The Duke Rape Case, New DNA Evidence, and How To Handle Out-of-Control Prosecutors

As of this moment, we’re still unsure of all the facts in the Duke lacrosse “rape” case, particularly those of us whose only knowledge of the situation comes from news reports and the blogosphere. However, it is beginning to look like the accused players might be getting railroaded to the point where the prosecutor should provide them with “Union Pacific” t-shirts.

Every time we look at somebody who may be wrongly accused we should shudder and think, “there but for the grace of God,” and investigate fully.

Defense attorneys for the three men from Duke’s lacrosse team charged with raping a stripper at a party have filed a motion with the court, as DNA testing found genetic material in the accuser’s body and underwear, but none of it was from any of the three defendants.

Here’s the story.

This means either the accuser was with other men (willingly or unwillingly we don’t know), or did a feet-first Slip-n-Slide through the mens room at a football stadium. Either way, it’s not looking good for the prosecutor’s case, but he’s showing no signs of letting up. Why?

This case will play itself out, and not being a fly on the wall during any of this I can’t comment on the particulars, but I’d like to focus more on the prosecutorial end of things. It’s becoming increasingly clear that the accused are being used for some purpose other than the pursuit of justice. If it turns out to be the prosecutor who is continuing pursue increasingly discredited allegations, severe action needs to be taken.

District Attorney Mike Nifong has been accused of pursuing the case for political gain in a re-election year, and Republican Rep. Walter Jones wants the U.S. Department of Justice to investigate Nifong’s conduct in the case.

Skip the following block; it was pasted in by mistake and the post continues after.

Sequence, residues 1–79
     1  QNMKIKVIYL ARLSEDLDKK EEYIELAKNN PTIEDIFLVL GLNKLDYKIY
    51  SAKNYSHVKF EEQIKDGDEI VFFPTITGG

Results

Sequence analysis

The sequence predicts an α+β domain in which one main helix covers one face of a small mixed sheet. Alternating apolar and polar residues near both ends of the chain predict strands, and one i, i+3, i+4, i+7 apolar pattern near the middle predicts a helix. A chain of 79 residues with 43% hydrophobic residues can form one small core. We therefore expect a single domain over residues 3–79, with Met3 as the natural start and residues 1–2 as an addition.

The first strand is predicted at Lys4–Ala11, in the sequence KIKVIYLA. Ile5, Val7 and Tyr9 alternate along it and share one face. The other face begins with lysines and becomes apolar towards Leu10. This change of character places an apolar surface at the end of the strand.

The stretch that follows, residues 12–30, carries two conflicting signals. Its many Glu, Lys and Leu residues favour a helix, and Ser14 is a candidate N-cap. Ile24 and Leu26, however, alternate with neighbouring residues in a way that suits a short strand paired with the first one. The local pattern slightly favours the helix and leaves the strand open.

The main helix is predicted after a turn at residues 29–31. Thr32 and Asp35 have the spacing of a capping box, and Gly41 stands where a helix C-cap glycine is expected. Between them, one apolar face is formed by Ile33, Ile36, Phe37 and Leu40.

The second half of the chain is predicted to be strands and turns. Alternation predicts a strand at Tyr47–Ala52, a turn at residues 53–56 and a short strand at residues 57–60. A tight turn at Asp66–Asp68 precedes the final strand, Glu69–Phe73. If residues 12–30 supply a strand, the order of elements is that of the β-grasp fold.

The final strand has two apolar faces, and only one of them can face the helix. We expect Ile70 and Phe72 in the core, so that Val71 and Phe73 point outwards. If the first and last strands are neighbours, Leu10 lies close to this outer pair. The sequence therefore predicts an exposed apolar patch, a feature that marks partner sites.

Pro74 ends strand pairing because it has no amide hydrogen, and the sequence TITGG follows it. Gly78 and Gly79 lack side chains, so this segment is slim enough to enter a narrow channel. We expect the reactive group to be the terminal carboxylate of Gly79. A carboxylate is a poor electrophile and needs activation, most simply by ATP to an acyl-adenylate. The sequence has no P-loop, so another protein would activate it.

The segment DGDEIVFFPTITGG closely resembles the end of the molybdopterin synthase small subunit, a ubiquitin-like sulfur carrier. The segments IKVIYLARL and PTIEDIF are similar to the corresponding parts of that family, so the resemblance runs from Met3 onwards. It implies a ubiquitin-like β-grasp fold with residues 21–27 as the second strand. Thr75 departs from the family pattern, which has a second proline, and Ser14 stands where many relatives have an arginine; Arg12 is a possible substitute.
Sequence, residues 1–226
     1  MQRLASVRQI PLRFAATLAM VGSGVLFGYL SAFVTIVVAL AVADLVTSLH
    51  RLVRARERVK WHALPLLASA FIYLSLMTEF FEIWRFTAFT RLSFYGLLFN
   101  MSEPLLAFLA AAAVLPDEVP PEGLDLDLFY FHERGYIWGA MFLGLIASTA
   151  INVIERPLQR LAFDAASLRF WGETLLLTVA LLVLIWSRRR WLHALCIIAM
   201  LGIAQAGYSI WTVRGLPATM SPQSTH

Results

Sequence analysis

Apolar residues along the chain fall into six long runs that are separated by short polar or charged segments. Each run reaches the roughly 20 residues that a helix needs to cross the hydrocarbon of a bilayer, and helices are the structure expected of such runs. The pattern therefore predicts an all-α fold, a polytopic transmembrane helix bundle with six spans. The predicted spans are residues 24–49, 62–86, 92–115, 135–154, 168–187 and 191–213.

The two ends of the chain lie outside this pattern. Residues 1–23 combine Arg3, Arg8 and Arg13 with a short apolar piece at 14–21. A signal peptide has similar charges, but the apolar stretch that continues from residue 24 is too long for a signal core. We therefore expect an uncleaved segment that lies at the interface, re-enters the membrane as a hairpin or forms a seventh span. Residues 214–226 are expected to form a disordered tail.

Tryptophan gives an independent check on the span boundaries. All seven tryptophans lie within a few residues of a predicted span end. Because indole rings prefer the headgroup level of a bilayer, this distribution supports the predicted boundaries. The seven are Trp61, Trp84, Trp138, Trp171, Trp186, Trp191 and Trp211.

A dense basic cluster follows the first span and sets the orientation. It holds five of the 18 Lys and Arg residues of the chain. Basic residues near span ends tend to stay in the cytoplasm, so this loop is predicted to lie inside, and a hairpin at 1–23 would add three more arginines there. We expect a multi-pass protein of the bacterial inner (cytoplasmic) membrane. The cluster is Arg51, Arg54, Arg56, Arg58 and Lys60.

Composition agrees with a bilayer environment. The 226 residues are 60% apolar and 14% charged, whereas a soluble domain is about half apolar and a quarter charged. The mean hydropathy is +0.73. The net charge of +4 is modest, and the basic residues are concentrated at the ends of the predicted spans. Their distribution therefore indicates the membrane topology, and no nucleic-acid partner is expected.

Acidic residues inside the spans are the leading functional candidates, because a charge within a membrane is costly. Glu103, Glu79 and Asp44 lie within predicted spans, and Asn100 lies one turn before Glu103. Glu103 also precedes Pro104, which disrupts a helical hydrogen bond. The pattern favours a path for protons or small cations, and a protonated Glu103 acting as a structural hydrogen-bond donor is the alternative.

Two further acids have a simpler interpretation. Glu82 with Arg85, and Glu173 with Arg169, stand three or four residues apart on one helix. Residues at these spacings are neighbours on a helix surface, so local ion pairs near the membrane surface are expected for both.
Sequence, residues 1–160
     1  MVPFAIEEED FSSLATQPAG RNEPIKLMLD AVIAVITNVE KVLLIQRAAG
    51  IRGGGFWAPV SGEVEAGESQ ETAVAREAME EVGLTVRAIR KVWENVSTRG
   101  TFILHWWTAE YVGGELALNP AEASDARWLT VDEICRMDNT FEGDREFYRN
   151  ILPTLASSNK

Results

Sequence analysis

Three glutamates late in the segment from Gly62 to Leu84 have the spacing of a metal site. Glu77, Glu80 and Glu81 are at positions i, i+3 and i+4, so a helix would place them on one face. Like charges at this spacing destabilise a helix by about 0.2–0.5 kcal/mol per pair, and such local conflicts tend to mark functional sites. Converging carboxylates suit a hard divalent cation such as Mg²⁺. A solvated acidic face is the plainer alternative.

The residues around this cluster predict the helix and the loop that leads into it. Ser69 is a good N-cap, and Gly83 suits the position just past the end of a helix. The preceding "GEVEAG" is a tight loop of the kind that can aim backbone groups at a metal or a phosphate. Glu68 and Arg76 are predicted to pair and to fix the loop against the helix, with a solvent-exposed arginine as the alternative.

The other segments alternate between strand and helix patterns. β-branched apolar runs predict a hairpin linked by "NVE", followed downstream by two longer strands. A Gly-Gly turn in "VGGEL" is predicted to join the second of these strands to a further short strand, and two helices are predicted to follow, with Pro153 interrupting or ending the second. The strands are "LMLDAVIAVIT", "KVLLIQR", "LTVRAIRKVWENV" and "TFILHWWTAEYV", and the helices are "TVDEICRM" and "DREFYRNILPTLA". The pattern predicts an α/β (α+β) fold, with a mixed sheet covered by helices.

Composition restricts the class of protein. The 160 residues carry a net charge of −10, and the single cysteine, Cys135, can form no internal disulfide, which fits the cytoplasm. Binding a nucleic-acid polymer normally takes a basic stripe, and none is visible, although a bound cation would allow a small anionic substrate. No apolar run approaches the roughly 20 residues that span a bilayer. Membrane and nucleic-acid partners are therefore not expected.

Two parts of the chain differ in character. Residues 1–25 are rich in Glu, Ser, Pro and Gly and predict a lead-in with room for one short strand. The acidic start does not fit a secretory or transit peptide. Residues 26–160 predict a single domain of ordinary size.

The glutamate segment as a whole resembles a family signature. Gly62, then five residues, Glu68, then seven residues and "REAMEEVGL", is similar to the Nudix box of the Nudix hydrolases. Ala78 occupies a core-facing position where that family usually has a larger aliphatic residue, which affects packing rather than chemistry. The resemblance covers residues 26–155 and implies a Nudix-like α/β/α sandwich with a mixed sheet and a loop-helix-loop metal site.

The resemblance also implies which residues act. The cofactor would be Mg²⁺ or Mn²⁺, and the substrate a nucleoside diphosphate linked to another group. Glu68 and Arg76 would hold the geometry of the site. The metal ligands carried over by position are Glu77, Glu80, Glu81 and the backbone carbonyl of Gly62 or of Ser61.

In the meantime, here’s my modest proposal, and this would apply in general for any would-be out-of-control prosecutor: Let it be known going in that should solid evidence be found that a prosecutor pursued a false or grossly misleading case against any citizen, that said prosecutor be subject to the same sentence they sought to impose on the defendant.

Who knows how many people are in jail due to zealous prosecutors and their lofty goals that had little to do with the alleged crimes by the accused. In addition, prosecutors who have to seek re-election is a questionable way to run a system. On one hand, said prosecutor is directly responsible to the citizens who have a hand on the lever of their entire career, but on the other hand, the odds that a prosecutor will play to the prides and prejudices of the makeup of any given community at the expense of justice for the accused go way up. It sounds as if the latter could be what’s happening in the Duke case.

This country has enough trouble putting actual criminals in prison without using so much time and resource to manufacture cases against the people because some prosecutor wants to be re-elected.

There are few more heinous crimes than willingly ruining the life of an innocent person to gain political power, and this should be addressed by sentencing rogue prosecutors (and judges, and politicians, etc.) who are found to have willingly engaged in this act to the same sentences they sought for those they accused.

If this turns out to be the fact of the matter in the Duke case, we can call it “Nifong’s Law.” Having a law named after you is a good way to impress your cellmate while simultaneously helping out any would-be future victims of legal and/or political zealotry.


Addendum: For more on the topic of a skunky justice system, David Usher, in the comments section for this post on MensNewsDaily, points us to a good article he wrote on the subject a while back which points out what can be done about it.


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Author: Doug Powers

Doug Powers is a writer, editor and commentator covering news of the day from a conservative viewpoint with an occasional shot of irreverence and a chaser of snark. Townhall Media writer/editor. alum. Bowling novice. Long-suffering Detroit Lions fan. Contact: